Ethanol metabolizing Lactobacillus for cancer prevention. Mortality from colorectal cancer (CRC) is second only to that from lung cancer in men and breast cancer in women. Ethanol consumption is a well known risk factor for CRC. Recently, the host ethanol metabolism gene polymorphism has been linked to increased risks of ethanol-associated cancers, mainly esophageal cancer, but also to a lesser degree CRC. Unlike the esophagus, the colon is filled with trillions of bacteria that metabolize ethanol to carcinogenc acetaldehyde. The commensal bacterium Lactobacillus rhamnosus GG has been used for nearly three decades to promote the digestive health and to prevent CRC. However, this bacterium does not metabolize ethanol and thus might have a limited effect against ethanol-associated CRC. By analyzing commensal bacteria for ethanol metabolism we have isolated two L. rhamnosus strains that metabolize ethanol to acetate. These strains not only have all the probiotic benefits of L. rhamnosus GG, but they can also eliminate ethanol and its carcinogenic metabolite acetaldehyde from the host intestine. We hypothesize that ethanol metabolizing L. rhamnosus can reduce the risk of ethanol-associated cancers in the gut. We will pursue two specific aims: (i) study L. rhamnosus genes encoding ethanol metabolism;and (ii) test L. rhamnosus for inhibition of ethanol-associated gut tumorigenesis in mice. Because L. rhamnosus GG has shown some effect against ethanol-unassociated CRC in animals and humans, the proposed study with an ethanol-metabolizing L. rhamnosus will likely lead to the development of a more effective prophylaxis against both ethanol-associated and ethanol-unassociated CRC.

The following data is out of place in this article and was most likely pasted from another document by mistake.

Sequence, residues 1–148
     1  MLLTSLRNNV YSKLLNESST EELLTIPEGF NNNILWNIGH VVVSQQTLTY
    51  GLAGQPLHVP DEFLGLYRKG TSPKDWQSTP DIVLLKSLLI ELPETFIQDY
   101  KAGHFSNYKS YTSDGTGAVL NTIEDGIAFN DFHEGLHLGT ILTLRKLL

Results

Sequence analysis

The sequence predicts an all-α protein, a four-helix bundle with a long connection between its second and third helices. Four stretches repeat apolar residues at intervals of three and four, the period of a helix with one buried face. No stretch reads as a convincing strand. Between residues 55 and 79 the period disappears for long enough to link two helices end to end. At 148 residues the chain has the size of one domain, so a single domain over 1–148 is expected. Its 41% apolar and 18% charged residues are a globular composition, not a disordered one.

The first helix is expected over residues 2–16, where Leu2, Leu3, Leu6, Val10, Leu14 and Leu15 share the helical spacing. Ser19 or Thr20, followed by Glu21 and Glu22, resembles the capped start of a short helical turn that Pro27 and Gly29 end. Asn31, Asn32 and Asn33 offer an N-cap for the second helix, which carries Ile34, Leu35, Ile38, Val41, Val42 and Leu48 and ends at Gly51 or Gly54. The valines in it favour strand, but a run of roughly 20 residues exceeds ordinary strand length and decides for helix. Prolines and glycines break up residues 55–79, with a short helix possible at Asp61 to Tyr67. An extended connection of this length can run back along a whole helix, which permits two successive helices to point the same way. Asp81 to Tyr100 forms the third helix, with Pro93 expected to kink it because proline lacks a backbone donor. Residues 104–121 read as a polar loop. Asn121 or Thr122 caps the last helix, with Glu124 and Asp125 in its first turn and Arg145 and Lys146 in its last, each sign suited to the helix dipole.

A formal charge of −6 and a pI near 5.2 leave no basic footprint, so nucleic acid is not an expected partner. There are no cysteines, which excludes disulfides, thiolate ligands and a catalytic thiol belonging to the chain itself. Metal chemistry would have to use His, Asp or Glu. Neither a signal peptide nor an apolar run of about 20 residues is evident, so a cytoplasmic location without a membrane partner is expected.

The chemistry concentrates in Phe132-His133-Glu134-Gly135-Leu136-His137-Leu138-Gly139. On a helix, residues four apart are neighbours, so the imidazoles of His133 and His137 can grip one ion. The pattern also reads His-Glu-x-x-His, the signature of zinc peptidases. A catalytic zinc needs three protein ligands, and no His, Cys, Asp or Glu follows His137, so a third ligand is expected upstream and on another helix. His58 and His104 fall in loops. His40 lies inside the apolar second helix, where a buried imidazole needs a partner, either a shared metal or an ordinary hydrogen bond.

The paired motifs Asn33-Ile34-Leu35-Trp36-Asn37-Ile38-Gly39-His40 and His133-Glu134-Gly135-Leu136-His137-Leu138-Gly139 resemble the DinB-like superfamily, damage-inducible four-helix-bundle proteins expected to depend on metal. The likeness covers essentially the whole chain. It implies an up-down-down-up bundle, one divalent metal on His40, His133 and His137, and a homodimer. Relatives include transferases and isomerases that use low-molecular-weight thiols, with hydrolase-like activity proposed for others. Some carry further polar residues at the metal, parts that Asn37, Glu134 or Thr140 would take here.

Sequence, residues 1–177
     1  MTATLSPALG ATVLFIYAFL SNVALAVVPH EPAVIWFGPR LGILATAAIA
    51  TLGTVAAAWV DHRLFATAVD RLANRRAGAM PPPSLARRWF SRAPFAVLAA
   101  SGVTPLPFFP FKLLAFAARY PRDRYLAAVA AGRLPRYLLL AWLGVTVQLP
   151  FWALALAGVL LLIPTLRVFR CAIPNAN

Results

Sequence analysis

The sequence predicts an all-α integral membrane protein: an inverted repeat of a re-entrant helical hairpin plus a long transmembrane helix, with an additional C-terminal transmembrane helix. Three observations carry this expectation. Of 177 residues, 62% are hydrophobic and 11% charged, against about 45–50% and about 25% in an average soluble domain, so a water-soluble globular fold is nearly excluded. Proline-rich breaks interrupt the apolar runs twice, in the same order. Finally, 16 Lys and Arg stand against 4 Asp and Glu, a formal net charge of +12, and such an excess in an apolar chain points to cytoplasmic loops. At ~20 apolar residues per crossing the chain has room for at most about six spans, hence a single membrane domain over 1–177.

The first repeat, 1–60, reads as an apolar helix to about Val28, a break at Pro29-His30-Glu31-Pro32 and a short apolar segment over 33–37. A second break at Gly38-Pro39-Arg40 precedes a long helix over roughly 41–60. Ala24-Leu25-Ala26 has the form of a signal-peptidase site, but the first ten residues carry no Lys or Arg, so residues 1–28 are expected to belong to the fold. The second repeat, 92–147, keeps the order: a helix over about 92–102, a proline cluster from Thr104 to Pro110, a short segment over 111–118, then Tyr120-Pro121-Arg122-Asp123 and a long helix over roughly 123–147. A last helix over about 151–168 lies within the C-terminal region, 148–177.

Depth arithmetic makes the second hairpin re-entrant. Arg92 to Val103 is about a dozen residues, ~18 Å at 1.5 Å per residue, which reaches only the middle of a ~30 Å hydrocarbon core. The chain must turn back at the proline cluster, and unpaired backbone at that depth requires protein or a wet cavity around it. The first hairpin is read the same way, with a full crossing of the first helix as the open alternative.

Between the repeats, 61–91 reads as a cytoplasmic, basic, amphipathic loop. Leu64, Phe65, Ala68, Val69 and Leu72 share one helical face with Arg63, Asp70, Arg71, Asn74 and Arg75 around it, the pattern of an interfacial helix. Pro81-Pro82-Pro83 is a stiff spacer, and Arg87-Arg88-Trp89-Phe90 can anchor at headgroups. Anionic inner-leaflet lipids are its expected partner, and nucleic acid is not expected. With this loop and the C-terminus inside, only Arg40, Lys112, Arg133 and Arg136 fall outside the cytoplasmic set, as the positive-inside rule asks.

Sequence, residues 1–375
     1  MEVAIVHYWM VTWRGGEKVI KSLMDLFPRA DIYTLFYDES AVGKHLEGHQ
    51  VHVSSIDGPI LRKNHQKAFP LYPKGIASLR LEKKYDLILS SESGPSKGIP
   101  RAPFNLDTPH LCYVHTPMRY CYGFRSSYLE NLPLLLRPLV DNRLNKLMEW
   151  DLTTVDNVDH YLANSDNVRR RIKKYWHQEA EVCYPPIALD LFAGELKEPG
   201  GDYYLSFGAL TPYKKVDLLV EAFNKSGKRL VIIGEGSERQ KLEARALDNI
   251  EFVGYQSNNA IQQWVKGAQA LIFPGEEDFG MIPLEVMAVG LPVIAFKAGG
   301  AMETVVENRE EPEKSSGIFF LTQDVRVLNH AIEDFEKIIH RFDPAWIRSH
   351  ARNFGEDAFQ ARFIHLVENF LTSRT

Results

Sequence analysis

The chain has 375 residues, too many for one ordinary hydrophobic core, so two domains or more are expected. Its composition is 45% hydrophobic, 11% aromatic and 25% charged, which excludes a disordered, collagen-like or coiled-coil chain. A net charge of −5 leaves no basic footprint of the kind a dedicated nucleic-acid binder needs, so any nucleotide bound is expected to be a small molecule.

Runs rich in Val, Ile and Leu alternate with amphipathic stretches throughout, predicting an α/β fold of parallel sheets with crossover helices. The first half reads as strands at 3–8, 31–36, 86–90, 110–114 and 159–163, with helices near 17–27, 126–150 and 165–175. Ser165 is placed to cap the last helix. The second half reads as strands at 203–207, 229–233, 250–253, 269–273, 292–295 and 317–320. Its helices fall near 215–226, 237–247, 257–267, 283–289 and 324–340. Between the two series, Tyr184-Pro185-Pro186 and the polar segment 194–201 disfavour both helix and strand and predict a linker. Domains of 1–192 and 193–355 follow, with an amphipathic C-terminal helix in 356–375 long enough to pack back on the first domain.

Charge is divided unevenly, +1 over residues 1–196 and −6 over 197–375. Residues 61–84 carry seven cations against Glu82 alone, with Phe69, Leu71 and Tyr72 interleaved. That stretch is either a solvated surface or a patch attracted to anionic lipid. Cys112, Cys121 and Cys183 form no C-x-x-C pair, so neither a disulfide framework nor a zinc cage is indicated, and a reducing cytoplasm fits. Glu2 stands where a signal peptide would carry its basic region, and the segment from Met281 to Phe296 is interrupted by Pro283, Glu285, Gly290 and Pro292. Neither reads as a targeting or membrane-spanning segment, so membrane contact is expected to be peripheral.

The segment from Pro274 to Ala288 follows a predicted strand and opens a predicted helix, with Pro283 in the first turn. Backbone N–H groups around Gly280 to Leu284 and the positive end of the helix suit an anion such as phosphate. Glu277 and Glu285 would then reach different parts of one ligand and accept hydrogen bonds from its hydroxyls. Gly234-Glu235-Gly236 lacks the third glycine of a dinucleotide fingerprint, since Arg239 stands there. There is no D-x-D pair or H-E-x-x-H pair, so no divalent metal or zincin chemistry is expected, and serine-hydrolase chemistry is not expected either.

It has been well established that consistent alcohol consumption doubles the risk for colon cancer, but current cancer preventive methods, such as the dietary supplement made with probiotic Lactobacillus, do not eliminate alcohol and therefore have a limited effect against alcohol-associated colon cancer. We propose to study an alcohol-metabolizing probiotic Lactobacillus, which will likely lead to the development of a novel, more effective prophylaxis against both alcohol-associated and alcohol- unassociated colon cancer.
|Pavlova, Sylvia I; Jin, Ling; Gasparovich, Stephen R et al. (2013) Multiple alcohol dehydrogenases but no functional acetaldehyde dehydrogenase causing excessive acetaldehyde production from ethanol by oral streptococci. Microbiology 159:1437-46|